The Sweet Singer of Michigan

Poems by Mrs. Julia A. Moore



WILLIAM UPSON


      AIR -- "The Major's Only Son"

Come all good people, far and near,
Oh, come and see what you can hear,
It's of a young man, true and brave,
Who is now sleeping in his grave.

Now, William Upson was his name --
If it's not that it's all the same --
He did enlist in the cruel strife,
And it caused him to lose his life.

He was Jesse Upson's eldest son,
His father loved his noble son;
This son was nineteen years of age,
In the rebellion he engaged.

His father said that he might go,
But his dear mother she said no.
"Stay at home, dear Billy," she said,
But oh, she could not turn his head.

For go he would, and go he did --
He would not do as his mother bid,
For he went away down South, there
Where he could not have his mother's care.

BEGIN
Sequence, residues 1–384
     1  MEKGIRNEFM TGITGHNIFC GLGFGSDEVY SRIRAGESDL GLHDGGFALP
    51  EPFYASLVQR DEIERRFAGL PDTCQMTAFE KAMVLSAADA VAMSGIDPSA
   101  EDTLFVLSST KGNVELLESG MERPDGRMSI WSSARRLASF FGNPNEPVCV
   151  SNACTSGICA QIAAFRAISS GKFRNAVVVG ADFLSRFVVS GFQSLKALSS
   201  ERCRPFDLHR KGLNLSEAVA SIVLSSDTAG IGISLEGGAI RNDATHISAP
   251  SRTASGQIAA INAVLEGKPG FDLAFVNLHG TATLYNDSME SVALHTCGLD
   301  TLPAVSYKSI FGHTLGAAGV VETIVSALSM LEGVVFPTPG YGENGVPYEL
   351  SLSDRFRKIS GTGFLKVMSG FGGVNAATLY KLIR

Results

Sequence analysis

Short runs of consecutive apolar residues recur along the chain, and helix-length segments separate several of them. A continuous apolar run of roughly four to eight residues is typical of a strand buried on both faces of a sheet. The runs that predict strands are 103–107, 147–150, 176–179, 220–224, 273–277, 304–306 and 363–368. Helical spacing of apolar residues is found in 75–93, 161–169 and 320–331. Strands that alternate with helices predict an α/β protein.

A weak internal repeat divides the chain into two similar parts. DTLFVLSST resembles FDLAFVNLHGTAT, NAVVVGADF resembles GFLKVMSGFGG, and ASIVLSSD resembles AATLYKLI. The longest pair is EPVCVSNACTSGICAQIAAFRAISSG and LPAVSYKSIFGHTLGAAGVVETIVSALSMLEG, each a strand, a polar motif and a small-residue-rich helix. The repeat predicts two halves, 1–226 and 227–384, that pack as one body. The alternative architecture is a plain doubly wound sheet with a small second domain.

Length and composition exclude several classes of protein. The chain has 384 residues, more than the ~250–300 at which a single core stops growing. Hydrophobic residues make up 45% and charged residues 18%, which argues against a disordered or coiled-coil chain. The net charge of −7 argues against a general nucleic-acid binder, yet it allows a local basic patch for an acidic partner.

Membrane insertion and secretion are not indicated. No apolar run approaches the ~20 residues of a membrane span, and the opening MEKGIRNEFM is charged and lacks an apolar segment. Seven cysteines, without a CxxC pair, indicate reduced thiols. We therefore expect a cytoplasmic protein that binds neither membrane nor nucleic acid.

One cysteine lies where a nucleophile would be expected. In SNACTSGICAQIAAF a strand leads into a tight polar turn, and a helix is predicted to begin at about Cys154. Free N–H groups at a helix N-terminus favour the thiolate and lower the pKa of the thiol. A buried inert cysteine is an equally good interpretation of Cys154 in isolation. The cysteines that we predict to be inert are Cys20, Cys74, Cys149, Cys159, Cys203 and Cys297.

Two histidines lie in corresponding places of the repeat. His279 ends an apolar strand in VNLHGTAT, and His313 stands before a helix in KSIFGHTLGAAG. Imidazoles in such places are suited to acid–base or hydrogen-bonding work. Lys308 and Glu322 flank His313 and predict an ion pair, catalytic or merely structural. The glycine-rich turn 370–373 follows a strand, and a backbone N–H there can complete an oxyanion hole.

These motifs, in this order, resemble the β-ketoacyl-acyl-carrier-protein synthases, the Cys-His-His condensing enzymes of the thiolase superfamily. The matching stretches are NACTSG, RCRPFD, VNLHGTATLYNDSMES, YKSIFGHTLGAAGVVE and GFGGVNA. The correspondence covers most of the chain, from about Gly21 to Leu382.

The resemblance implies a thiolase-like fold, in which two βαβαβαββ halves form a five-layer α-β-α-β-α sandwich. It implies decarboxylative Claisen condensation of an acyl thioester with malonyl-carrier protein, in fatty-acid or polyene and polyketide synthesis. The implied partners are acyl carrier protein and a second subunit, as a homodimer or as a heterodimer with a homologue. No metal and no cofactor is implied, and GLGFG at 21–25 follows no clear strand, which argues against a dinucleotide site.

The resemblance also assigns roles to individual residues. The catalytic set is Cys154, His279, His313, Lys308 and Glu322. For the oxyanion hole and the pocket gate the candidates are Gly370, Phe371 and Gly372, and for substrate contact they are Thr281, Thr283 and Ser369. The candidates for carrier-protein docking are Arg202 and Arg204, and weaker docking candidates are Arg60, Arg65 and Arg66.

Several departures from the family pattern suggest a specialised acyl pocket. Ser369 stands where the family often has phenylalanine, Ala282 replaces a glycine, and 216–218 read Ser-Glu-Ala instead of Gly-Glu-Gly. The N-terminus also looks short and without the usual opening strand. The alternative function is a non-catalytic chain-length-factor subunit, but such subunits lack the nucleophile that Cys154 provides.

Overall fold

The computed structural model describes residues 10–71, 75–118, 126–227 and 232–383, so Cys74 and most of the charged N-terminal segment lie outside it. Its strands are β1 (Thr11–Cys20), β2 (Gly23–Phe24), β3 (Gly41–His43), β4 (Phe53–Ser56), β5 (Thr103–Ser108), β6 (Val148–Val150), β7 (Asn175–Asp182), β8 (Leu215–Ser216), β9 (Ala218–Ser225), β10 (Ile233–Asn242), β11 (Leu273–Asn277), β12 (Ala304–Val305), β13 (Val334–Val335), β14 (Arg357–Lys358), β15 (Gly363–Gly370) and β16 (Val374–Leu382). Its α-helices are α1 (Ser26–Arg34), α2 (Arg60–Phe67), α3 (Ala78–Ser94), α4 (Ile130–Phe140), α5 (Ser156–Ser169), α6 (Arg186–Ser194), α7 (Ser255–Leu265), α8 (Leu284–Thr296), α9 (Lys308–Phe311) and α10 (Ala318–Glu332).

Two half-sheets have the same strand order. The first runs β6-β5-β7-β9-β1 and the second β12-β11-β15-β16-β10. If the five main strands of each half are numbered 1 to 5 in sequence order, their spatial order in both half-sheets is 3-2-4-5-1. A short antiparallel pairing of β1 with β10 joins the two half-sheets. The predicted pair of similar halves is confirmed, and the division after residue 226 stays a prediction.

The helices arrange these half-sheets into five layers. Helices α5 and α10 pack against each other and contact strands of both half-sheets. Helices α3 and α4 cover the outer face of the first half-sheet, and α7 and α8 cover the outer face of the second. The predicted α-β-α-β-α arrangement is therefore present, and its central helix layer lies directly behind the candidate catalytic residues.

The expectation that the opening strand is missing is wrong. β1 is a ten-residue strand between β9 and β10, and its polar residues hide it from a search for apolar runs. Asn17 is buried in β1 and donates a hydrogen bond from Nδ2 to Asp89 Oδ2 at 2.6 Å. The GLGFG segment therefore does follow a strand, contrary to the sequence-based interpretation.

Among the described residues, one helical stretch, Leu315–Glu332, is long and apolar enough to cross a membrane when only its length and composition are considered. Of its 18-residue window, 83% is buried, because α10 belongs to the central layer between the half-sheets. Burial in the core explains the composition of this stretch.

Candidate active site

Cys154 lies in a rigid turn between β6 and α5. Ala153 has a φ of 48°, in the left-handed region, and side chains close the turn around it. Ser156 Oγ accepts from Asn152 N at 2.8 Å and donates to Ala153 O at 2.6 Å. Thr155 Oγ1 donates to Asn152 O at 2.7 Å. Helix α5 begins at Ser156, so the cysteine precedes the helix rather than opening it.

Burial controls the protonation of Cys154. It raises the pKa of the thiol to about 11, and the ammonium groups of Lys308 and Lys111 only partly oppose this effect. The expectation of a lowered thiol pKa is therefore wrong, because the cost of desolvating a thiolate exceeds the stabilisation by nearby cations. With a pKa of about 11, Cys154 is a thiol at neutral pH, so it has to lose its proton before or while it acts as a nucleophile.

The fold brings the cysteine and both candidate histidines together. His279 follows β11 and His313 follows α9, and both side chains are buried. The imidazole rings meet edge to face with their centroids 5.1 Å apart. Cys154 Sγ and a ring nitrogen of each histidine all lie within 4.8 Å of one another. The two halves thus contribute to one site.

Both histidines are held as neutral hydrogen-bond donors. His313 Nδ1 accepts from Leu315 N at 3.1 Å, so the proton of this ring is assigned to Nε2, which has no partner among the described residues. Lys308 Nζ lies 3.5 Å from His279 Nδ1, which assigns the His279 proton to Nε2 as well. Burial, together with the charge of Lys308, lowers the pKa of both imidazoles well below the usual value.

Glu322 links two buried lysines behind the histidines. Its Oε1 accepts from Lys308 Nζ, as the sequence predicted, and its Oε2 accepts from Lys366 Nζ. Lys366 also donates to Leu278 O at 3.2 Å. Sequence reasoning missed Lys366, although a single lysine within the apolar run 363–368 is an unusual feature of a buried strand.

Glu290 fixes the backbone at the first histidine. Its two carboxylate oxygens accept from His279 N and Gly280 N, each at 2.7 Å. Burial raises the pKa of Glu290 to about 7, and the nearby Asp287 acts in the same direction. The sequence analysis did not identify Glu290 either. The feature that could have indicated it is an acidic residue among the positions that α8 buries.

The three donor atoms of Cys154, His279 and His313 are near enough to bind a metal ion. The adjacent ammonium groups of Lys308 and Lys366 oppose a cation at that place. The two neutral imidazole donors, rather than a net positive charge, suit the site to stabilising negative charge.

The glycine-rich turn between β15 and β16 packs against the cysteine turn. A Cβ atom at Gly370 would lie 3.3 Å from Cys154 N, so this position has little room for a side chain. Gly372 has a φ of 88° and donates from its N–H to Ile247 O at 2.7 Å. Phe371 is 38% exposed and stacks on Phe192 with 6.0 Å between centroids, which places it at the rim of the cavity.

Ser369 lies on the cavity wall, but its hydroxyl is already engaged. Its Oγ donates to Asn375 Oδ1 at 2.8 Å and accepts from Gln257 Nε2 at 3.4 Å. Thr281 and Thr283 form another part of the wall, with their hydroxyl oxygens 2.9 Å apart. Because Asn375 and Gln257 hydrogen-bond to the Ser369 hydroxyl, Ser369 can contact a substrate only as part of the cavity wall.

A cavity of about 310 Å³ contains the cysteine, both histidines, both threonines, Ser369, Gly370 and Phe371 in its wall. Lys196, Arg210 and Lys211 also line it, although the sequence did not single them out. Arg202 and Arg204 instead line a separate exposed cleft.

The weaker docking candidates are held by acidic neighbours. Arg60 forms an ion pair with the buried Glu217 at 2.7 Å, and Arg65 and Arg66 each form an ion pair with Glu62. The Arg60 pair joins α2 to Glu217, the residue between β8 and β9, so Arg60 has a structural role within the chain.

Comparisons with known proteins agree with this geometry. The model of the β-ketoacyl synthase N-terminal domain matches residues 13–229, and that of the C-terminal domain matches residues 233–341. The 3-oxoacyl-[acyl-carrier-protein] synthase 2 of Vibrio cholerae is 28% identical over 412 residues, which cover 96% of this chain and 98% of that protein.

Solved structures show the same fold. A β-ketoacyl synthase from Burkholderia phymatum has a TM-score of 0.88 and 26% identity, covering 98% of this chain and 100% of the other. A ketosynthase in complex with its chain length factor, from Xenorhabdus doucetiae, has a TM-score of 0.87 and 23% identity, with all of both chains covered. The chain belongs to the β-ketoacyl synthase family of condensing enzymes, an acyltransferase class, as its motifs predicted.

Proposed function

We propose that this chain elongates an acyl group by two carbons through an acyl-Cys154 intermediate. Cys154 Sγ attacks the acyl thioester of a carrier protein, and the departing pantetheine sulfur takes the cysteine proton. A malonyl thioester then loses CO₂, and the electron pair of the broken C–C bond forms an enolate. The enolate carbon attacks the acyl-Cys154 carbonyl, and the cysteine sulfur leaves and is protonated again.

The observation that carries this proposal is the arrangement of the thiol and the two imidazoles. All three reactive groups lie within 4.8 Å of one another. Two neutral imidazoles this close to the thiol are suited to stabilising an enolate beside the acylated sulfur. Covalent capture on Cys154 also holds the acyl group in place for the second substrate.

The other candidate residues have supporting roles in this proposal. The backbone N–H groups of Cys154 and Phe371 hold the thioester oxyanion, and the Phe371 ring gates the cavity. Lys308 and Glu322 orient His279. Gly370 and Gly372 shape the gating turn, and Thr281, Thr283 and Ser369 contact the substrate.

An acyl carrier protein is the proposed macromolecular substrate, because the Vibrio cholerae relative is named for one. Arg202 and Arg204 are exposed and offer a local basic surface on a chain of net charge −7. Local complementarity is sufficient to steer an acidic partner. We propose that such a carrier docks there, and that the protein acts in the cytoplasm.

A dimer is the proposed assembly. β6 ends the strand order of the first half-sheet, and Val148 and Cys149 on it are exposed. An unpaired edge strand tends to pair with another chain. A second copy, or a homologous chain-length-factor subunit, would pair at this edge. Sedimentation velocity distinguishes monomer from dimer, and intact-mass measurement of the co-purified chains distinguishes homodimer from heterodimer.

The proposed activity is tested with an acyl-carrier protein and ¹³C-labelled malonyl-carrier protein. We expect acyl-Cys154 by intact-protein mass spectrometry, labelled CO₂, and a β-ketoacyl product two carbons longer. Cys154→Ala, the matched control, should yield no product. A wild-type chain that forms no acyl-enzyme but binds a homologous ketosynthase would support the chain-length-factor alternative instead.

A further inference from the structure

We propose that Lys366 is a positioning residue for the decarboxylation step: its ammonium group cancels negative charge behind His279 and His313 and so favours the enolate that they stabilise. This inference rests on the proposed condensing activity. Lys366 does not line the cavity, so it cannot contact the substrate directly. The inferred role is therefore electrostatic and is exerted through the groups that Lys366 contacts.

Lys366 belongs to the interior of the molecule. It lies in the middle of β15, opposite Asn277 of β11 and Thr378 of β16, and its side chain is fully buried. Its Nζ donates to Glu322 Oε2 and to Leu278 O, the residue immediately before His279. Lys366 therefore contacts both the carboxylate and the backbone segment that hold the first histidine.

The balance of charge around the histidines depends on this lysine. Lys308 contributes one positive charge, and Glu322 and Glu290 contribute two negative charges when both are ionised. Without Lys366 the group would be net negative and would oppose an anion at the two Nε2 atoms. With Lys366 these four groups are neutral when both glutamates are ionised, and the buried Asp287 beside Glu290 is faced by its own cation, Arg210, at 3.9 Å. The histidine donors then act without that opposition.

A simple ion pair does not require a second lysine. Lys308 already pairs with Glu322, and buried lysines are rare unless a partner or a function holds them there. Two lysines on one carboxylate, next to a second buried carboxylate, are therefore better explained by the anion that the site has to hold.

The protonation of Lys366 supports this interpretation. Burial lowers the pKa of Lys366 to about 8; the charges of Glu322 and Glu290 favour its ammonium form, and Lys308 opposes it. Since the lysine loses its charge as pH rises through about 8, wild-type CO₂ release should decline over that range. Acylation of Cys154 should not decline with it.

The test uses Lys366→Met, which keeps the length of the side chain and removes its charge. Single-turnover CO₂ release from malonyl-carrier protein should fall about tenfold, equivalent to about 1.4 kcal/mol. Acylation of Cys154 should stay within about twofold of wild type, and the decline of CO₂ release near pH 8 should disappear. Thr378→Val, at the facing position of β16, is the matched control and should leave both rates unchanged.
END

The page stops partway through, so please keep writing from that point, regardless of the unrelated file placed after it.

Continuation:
He went to Nashville, Tennessee,
There his kind friends he could not see;
He died among strangers, far away,
They knew not where his body lay.

He was taken sick and lived four weeks,
And oh, how his parents weep,
But now they must in sorrow mourn,
Billy has gone to his heaven home.

If his mother could have seen her son,
For she loved him, her darling one,
If she could heard his dying prayer,
It would ease her heart till she met him there.

It would relieved his mother's heart,
To have seen her son from this world depart,
And hear his noble words of love,
As he left this world for that above.

It will relieve his mother's heart,
That her son is laid in our grave yard;
Now she knows that his grave is near,
She will not shed so many tears.

She knows not that it was her son,
His coffin could not be opened --
It might be some one in his place,
For she could not see his noble face.

He enrolled in eighteen sixty-three,
The next day after Christmas eve;
He died in eighteen sixty-four,
Twenty-third of March, as I was told.




Reprinted from The Sweet Singer of Michigan: Poems by Mrs. Julia A.
Moore
, ed. Walter Blair (Chicago: Pascal Covici, 1928).
Note: Stanza 8, "If she could heard" and stanza 9, "It would relieved" are as found in Blair. The omission of "have" is presumably a printer's error, but whether of the first edition or not I don't know.
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